For example, a trailer may arrive at a recipient with two bills of lading each listing two purchase orders and carton counts. If one carton is found to be damaged, the purchase order is known and the claim process is relatively simple. On the other hand, if another carton is determined to be missing but cannot be tied to a single purchase order on the trailer, the system waits for all of the purchase orders to close, calculates the average units per carton on the trailer and the average value of each carton, providing the necessary information to file a compliance recovery claim.
 Audit Engine
 The Audit Engine uses the historical performance of an enterprise's vendor base and optimizes the use of audit resources by focusing effort toward known and repeat offenders and their known problems, while at the same time preferably maintaining an overall random sample approach for all vendors. The audit process may be radio-frequency (RF) based and paperless, so as to minimize errors and facilitate real-time compliance failure identification.
 The audit engine is based on the physical verifications that shipments contain the product as ordered on the purchase order, and that all labeling rules were followed by the vendor. These categories of compliance rules are preferably monitored using several different types of audits, typically conducted by the distribution center audit staff, as well as through product handling that normally takes place in the course of product movement. If a recipient uses electronic data interchange (EDI) transactions, the audit approach and physical procedure can be enhanced and made faster. All audits and exceptions are automatically examined in comparison to the retailer's rules.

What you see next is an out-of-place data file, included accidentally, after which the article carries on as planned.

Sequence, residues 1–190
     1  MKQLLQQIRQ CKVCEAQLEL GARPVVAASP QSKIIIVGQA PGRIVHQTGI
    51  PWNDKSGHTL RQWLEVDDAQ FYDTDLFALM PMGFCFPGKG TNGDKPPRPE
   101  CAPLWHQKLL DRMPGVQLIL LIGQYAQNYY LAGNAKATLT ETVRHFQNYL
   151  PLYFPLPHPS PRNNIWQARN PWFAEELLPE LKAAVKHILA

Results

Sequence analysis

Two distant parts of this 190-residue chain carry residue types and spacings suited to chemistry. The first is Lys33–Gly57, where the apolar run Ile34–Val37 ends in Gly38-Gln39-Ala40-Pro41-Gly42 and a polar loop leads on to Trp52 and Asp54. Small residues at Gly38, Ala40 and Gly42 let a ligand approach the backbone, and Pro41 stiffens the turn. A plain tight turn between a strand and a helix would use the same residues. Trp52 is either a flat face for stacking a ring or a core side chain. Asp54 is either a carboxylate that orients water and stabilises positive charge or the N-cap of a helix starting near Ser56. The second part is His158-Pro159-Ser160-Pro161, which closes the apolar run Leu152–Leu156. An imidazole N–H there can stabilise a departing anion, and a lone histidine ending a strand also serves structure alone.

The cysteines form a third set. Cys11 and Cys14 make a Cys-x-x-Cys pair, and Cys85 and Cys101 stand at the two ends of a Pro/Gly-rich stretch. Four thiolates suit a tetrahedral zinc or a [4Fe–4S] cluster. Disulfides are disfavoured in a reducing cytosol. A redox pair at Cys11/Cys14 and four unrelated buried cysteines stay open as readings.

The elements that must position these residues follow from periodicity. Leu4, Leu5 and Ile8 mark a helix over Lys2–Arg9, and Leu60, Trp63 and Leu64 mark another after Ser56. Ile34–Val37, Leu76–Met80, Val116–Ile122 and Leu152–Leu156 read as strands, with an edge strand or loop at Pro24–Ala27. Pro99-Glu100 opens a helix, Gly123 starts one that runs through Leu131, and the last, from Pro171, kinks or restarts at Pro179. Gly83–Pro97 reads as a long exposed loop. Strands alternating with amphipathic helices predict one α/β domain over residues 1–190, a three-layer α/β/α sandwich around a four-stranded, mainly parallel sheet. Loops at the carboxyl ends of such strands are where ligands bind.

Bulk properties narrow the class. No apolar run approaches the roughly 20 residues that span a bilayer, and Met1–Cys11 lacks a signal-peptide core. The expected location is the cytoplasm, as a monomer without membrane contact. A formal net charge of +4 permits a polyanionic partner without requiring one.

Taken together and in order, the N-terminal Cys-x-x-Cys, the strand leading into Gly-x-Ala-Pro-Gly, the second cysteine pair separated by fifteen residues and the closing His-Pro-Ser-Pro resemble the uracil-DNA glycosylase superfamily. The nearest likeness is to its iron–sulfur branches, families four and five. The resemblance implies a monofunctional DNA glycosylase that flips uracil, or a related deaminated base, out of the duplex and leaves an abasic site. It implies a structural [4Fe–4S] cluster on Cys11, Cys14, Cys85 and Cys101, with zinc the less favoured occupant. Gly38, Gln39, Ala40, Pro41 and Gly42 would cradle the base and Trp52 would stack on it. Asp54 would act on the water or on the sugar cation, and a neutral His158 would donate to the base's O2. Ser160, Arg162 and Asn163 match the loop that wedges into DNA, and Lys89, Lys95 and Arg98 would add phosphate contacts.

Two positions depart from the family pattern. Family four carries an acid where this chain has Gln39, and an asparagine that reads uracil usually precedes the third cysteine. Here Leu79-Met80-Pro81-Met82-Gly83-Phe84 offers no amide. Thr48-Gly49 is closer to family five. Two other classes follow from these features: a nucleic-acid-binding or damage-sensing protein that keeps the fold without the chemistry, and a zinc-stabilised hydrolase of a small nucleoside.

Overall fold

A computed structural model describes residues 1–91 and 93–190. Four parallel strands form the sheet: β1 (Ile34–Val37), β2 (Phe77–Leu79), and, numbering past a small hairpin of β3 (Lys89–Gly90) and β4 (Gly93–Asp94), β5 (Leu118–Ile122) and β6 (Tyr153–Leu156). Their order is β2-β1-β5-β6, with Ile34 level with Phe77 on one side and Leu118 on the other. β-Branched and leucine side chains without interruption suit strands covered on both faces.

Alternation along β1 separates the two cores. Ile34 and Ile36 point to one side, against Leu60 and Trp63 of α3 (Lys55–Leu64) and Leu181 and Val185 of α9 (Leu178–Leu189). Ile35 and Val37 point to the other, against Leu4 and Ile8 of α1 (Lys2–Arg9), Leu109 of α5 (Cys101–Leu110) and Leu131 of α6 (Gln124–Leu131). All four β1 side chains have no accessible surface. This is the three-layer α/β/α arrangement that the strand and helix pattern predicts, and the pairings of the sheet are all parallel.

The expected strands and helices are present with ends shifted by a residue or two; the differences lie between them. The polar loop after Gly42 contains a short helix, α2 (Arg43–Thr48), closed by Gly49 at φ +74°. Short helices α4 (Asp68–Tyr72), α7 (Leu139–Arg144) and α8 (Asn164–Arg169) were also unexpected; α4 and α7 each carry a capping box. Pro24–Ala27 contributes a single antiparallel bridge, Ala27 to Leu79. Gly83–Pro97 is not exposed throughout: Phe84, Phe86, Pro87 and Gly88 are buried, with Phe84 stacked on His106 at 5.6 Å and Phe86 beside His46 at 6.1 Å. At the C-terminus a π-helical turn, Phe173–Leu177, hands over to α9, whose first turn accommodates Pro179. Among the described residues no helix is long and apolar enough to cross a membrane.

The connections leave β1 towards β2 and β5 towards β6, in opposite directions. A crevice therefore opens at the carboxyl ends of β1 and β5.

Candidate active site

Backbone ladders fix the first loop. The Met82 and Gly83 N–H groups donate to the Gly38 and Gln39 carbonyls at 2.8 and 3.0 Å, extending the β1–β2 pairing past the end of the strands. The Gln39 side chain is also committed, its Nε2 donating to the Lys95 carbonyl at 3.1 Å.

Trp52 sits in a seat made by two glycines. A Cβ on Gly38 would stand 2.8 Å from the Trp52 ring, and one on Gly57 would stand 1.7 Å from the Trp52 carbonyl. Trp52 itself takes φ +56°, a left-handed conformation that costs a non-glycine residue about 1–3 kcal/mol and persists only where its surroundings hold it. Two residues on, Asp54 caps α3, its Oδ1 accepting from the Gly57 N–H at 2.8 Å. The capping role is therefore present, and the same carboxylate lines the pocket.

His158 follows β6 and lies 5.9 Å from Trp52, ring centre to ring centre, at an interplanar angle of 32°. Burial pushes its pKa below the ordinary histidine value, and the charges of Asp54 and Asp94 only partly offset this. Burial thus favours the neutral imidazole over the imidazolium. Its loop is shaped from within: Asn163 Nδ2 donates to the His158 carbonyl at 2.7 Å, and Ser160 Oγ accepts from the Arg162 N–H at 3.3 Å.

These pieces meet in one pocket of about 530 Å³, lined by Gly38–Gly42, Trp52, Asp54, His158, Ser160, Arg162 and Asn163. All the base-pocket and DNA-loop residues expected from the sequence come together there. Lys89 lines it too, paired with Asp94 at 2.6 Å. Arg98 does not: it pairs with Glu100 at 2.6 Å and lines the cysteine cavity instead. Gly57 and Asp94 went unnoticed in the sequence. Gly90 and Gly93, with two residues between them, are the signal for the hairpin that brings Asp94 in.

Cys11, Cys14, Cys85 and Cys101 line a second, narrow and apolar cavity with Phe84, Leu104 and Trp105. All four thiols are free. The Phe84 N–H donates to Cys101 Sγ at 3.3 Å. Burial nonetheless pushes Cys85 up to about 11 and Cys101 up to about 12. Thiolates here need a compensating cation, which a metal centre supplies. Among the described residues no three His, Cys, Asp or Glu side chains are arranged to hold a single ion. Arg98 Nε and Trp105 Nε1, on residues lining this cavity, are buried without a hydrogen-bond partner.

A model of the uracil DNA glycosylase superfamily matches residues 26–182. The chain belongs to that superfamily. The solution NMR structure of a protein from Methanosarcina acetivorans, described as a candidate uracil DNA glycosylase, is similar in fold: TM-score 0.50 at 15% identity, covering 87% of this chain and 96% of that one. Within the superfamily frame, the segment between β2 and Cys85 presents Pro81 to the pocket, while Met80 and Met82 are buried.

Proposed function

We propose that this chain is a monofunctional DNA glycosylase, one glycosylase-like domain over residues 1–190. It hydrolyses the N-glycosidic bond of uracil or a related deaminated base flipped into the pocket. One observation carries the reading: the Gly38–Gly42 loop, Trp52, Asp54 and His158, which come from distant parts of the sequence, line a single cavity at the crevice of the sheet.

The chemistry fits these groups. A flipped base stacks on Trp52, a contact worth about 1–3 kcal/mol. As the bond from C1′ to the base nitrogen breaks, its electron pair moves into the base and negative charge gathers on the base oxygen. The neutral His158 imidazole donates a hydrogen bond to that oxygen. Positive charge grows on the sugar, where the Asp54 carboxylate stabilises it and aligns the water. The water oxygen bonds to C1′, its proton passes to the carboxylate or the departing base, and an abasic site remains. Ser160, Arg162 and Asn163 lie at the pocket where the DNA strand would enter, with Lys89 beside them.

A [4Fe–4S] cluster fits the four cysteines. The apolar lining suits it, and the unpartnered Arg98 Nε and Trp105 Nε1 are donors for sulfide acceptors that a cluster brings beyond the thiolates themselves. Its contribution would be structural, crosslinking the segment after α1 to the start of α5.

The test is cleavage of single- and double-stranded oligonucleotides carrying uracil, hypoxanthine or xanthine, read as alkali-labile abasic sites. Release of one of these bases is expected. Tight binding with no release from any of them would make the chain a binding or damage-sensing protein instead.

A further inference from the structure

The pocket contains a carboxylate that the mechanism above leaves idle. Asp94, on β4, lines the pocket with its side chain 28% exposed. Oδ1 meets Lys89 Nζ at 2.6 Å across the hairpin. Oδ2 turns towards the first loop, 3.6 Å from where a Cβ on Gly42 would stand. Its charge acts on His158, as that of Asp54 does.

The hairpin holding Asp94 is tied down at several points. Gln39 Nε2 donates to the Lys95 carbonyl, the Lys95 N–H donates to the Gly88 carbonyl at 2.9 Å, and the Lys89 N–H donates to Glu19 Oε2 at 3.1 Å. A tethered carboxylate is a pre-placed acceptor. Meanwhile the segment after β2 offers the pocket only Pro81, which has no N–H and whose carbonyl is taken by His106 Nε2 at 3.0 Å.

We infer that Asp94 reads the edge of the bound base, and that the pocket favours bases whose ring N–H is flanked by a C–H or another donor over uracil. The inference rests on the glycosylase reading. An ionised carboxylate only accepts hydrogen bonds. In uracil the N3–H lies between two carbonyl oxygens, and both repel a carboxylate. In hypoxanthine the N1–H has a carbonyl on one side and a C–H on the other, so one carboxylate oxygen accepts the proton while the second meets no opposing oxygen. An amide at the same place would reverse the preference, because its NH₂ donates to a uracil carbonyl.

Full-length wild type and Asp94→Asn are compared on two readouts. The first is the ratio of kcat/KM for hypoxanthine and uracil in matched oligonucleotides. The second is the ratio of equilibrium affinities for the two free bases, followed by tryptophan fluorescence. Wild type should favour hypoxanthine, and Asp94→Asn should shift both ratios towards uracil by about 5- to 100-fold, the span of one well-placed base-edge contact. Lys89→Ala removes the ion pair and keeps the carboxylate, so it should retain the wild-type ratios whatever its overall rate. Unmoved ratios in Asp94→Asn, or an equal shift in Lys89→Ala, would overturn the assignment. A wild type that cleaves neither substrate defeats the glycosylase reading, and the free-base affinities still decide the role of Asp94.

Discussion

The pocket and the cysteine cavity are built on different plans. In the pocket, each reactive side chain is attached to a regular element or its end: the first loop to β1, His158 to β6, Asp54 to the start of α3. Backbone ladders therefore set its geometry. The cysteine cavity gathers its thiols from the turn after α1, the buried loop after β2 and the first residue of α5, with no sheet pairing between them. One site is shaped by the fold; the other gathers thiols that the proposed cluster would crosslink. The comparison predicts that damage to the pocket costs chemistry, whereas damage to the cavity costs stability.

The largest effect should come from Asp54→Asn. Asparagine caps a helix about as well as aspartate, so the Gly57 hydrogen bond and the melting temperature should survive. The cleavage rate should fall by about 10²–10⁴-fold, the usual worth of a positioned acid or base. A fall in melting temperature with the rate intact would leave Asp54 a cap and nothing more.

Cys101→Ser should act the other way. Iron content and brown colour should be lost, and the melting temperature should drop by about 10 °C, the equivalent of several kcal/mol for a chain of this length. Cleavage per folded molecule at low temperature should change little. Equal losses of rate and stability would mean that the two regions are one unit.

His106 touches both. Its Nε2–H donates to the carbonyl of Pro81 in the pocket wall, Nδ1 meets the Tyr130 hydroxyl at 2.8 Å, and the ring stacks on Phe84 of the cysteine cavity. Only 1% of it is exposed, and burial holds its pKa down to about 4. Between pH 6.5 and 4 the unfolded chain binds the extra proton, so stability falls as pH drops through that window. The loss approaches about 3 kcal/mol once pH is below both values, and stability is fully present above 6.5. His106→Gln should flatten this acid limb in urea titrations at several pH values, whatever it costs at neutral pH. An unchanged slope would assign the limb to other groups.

The audit engine optimizes the audit effort in three principal ways: First, as noted above, the audit engine directs audits to vendors that have historically been observed to have had compliance violations. Second, for any given vendor, the audit engine focuses on specific failure issues that the specific vendor has experienced in the past. Third, each question set is related on a dynamic basis to previous answers in the audit, since the audit is conducted to avoid inquiries and assessments that are no longer relevant; further, the sample size of the audit may be based on the accuracy of previous assessments.
 For example, the freight check-in portion of a shipment examines packing slips for accuracy and completeness utilizing a standard questionnaire (or audit) to capture shipment characteristics data. After this data is entered into the compliance management system, the system compares each audit to the recipient's rules. Utilizing radio-frequency (RF) hand-held scanners, audits may be conducted on the contents of individual cartons for verification of UPC symbols against the purchase order. Checking for price, size, color, and style may be automated and the data obtained using the RF scanner can be compared to the recipient's rules for content errors.
 Trouble Tracking
 The Trouble Tracking module is a software tool set for objectively tracking and managing trouble freight by aging outstanding issues and assigning reason codes for both the original problems and their resolutions. The Trouble Tracking application is preferably structured to follow the buyer organization chart and highlight recurring issues and real cycle times for resolution.